“Congresswoman Karen Bass, chair of the Congressional Black Caucus, is undergoing vetting as a candidate to be Joe Biden’s running mate,” Bo Erickson of CBS News reported on June 24.
In March, the five-term Los Angeles Democrat endorsed Biden for president, but even some Democrats were troubled by one of Bass’s previous endorsements.
“The passing of the Comandante en Jefe is a great loss to the people of Cuba,” said Bass in a statement after Fidel Castro passed away on November 25, 2016. “I hope together, our two nations will continue on the new path of support and collaboration with one another, and continue in the new direction of diplomacy.” Democrats had often praised Castro, but Karen Bass used the official designation, Comandante en Jefe, for a Communist dictator one generation out of Europe.
Fidel Castro’s father Ángel Castro y Argiz immigrated from Spain in 1906 and ran a sugarcane farm. Fidel attended Catholic boarding schools and the University of Havana where the law student “organized violent gangs” for “political aims.” The revolution of the late 1950s included not a single Afro-Cuban, and the Communist Fidel was Commandante en Jefe for more than 50 years, with not a single free and fair election.
Fidel Castro drove a formerly prosperous nation to sub-Haiti levels of poverty. His repression was such that thousands of Cubans fled at the first opportunity, leaving everything behind, at great risk to their own lives. That is why the Straits of Florida have become a graveyard without crosses.
In Fidel Castro’s Cuba, Vincent Canby of the New York Times noted in his review of Nestor Almendros’ Improper Conduct, “playwrights, doctors, poets and painters as well as more ordinary folk such as tour guides and hairdressers, a number of whom spent time in one or more of the country’s forced-labor camps.” Castro’s repressions were a matter of record since the 1970s but in 2016 they escaped notice by Karen Bass. The African American Democrat also ignored the island’s legacy of slavery.
According to Harvard professor Henry Louis Gates, of the 10.5 million Africans who survived the Atlantic crossing, only 388,000 came directly to North America. By contrast, Spanish colonizers brought 800,000 slaves to Cuba, where the Africans were forced to toil in sugar plantations.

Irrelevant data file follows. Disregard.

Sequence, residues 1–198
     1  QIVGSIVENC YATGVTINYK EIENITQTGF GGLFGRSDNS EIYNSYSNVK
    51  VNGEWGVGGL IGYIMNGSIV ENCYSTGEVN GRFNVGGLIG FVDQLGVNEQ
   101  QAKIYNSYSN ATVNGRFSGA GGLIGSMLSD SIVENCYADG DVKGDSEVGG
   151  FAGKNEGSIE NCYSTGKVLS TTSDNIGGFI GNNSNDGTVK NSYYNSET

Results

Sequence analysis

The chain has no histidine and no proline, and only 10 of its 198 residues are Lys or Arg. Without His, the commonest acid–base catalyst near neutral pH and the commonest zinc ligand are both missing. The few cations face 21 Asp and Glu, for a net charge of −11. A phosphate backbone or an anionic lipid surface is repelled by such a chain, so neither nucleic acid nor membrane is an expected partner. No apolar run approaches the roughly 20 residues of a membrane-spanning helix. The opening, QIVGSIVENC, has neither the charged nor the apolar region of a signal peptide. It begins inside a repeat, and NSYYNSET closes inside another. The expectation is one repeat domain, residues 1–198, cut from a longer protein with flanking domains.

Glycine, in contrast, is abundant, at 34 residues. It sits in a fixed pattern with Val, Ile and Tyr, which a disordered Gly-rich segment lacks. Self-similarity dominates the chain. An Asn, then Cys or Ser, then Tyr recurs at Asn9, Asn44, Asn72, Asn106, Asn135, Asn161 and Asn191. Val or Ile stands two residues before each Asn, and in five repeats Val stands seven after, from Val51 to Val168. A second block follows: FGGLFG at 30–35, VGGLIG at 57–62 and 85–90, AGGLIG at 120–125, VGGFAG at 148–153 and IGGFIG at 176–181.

As R. Denise Hawkins of the National Association of Black Journalists explains, slavery endured in Cuba until 1886, but “Unlike in the United States following slavery’s end, there were no separate schools or Historically Black Colleges and Universities established to educate those who had been enslaved.”
In the 1990s, according to Hawkins, Cuban blacks “tumbled further economically,” after the Soviet Union ended support for its Caribbean colony. In 2005, 73 percent of Cuban scientists and technicians were white, along with 80 percent of University of Havana professors. “Blacks were unemployed at double the rate of whites,” and “jails held 85 percent darker-skinned Cubans.”
Hawkins fails to mention Afro-Cuban dissidents such as Eusebio Penlaver, harassed and tortured during 28 years in Fidel Castro’s prisons. Also missing are Cuba’s dissident Damas de Blanco, blacks prominent among them, whose goal is freedom for all Cuba’s political prisoners.
The Cuban regime claims that black and mixed-heritage people are about 35 percent of the population. For Julia Cooke, author of The Other Side of Paradise: Life in the New Cuba, the figure could be as high as 72 percent, a strong majority. Castro’s revolutionary movement, Cooke explains, was “dominated by middle-class white men,” and apart from General Juan Almeida Bosque, black Cubans “remained unrepresented in the political leadership.” For those in the know, such as publisher Roberto Zubrano, “racism is alive and well in Cuba.”
In 2008, aging white dictator Fidel Castro shifted power to his brother Raul. In 2018 Raul Castro handed the reins to Miguel Díaz-Canel, another white Communist. Cubans of all skin shades had no say in the matter, and they soon faced deeper deprivations.
In 2019, as CBS News reported, the Cuban Communist regime was “launching widespread rationing of chicken, eggs, rice, beans, soap and other basic products in the face of a grave economic crisis.” As in the Union of Soviet Socialist Republics, countries barren of liberties also come up short on groceries. Such is the reality of socialism, but like Bernie Sanders, Maxine Waters, Sheila Jackson Lee and other Democrats, Karen Bass appears untroubled by enduring poverty, repression and racism in Cuba.
The African American Karen Bass, chair of the Congressional Black Caucus is uncritical of an all-white Communist dictatorship headed for 50 years by Sado-Stalinist Fidel Castro. The choice of Karen Bass as VP for the addled Joe Biden would surely please the Commandante en Jefe his own self.
During a 2009 congressional delegation led by Rep. Barbara Lee, Fidel Castro said in a statement: “An important US political delegation is visiting us right now. Its members belong to the Congressional Black Caucus (CBC) which, in practice, has worked as the most progressive wing within the Democrat Party.”
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